New Twist to Online Tech Support Scam and more

This one has been going on for quite a while, but it is definitely spreading like a bad rash. Just to prove it, one of my clients got a call from one of these while I was actually at their home for an appointment to work on their computer. What’s the chance of that happening? It’s certainly never happened before. And they are definitely using some serious social engineering to fool people into allowing them to get into their computers to quote/unquote fix their computers.

Thanks to Windows Secrets and Fred Langa for the link:

Windows Secrets reader Scott Brande was recently on the receiving end of a typical tech-support con. Recognizing it for what it was, he carefully documented the attempted snow job, then sent in his notes as a service to all Windows Secrets readers.

Check out the rest of Fred Langa’s article for the fully documented story.

And from IC3.gov site:

New Twist to Online Tech Support Scam and more – IC3.gov Scam Alerts (Jan 7, 2013)

NEW TWIST TO ONLINE TECH SUPPORT SCAM

The IC3 continues to receive complaints reporting telephone calls from individuals claiming to be with Tech Support from a well-known software company. The callers have very strong accents and use common names such as “Adam” or “Bill.” Callers report the user’s computer is sending error messages, and a virus has been detected. In order to gain access to the user’s computer, the caller claims that only their company can resolve the issue.

The caller convinces the user to grant them the authority to run a program to scan their operating system. Users witness the caller going through their files as the caller claims they are showing how the virus has infected their computer.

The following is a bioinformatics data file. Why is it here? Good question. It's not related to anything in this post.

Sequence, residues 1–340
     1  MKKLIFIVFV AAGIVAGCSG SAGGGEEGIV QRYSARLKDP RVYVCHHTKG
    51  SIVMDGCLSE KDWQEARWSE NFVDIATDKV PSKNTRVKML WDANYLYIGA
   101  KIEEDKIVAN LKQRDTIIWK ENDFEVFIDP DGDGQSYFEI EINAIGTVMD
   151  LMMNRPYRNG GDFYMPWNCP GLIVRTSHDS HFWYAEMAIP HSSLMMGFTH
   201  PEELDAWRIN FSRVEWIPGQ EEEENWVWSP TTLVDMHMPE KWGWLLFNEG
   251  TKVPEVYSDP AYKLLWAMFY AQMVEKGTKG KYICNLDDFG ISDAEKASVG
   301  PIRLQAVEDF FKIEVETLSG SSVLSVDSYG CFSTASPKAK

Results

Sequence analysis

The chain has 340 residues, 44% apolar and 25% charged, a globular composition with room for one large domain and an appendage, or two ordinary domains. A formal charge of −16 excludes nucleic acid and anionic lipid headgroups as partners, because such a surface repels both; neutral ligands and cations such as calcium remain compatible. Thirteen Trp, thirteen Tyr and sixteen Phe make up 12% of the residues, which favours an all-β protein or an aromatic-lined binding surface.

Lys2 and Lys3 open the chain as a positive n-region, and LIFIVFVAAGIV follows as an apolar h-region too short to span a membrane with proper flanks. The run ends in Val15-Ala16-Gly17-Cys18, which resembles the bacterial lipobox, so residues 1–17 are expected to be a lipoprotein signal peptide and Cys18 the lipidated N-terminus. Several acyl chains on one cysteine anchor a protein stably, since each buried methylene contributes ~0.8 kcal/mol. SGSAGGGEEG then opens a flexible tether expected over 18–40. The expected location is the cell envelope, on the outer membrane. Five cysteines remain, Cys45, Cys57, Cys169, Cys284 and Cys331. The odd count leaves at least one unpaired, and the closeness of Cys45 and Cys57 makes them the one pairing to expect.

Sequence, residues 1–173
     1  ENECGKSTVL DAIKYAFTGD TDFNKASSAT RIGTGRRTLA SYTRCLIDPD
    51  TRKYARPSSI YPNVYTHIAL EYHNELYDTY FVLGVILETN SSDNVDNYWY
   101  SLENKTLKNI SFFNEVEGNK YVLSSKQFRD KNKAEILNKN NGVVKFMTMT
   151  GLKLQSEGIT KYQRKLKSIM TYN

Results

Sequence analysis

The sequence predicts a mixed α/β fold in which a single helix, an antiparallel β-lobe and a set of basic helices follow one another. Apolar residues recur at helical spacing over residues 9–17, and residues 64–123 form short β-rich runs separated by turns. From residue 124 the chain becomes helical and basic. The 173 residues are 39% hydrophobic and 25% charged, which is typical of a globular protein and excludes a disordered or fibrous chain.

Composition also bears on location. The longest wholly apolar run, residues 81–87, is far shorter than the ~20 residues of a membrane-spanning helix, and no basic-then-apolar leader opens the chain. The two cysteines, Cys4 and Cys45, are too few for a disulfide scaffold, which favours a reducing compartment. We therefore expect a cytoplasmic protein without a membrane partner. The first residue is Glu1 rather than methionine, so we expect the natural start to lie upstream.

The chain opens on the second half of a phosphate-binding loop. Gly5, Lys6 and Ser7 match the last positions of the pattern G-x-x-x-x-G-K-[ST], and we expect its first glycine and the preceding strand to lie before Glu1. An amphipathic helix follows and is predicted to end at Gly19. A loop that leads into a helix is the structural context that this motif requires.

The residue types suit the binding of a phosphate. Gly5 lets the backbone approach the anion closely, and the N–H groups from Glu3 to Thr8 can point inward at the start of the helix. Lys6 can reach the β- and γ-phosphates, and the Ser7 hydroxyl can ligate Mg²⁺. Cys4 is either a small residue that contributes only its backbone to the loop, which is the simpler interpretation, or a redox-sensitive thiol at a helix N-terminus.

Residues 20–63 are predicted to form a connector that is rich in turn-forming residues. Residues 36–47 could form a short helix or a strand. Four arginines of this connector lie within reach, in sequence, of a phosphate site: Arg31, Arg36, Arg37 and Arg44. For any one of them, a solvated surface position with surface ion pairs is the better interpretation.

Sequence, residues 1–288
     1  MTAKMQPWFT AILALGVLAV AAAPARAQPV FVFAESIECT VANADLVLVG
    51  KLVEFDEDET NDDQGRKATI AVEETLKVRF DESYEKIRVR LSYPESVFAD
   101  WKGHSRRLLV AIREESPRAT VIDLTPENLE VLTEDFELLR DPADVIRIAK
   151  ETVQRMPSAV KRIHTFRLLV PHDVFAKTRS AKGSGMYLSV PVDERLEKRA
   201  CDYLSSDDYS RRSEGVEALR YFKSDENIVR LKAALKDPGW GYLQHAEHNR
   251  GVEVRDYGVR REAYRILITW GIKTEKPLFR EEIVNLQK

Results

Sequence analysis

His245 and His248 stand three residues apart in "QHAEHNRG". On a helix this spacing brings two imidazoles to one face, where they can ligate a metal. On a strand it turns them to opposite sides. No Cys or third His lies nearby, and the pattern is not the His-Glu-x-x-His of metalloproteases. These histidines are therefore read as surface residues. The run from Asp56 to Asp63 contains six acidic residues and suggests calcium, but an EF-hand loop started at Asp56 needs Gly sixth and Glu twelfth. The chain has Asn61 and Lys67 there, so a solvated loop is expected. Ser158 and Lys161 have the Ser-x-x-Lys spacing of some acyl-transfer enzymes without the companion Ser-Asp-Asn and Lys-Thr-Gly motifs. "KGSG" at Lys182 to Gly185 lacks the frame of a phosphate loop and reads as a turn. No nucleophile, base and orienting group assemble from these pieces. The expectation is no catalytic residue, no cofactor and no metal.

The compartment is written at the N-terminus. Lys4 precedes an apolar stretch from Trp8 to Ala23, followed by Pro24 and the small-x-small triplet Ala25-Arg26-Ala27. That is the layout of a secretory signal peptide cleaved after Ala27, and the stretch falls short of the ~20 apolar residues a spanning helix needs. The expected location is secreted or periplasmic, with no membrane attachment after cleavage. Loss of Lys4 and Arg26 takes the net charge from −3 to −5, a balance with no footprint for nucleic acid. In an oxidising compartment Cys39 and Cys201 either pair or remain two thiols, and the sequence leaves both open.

Users are told the virus could be removed for a fee and are asked for their credit card details. Those who provide the caller remote access to their computers, whether they paid for the virus to be removed or not, report difficulties with their computer afterwards; either their computers would not turn on or certain programs/files were inaccessible.

Some report taking their computers to local technicians for repair and the technicians confirmed software had been installed. However, no other details were provided.

In a new twist to this scam, it was reported that a user’s computer screen turned blue, and eventually black, prior to receiving the call from Tech Support offering to fix their computer. At this time, it has not been determined if this is related to the telephone call or if the user had been experiencing prior computer problems.

Unbelievable! MICROSOFT DOESN’T DO THAT!

Avoid tech support phone scams

Cybercriminals don’t just send fraudulent email messages and set up fake websites. They might also call you on the telephone and claim to be from Microsoft. They might offer to help solve your computer problems or sell you a software license. Once they have access to your computer, they can do the following:

  • Trick you into installing malicious software that could capture sensitive data, such as online banking user names and passwords. They might also then charge you to remove this software.
  • Take control of your computer remotely and adjust settings to leave your computer vulnerable.
  • Request credit card information so they can bill you for phony services.
  • Direct you to fraudulent websites and ask you to enter credit card and other personal or financial information there.

Neither Microsoft nor our partners make unsolicited phone calls (also known as cold calls) to charge you for computer security or software fixes.

More here at Microsoft’s article: Avoid Phone Scams

Some more interesting things in the IC3 Scam Alerts:

You might also find the rest of the IC3 Scam Alerts interesting; including a list of the most popular passwords out there. If you are using any of them as passwords, you might just want to change it now!

Also some info on Java Exploit that is for sale for 5 digits! :

Miscreants in the cyber underground are selling an exploit for a previously undocumented security hole in Oracle’s Java software that attackers can use to remotely seize control over systems running the program, KrebsOnSecurity has learned.

Might want to check out: How to Unplug Java from the Browser

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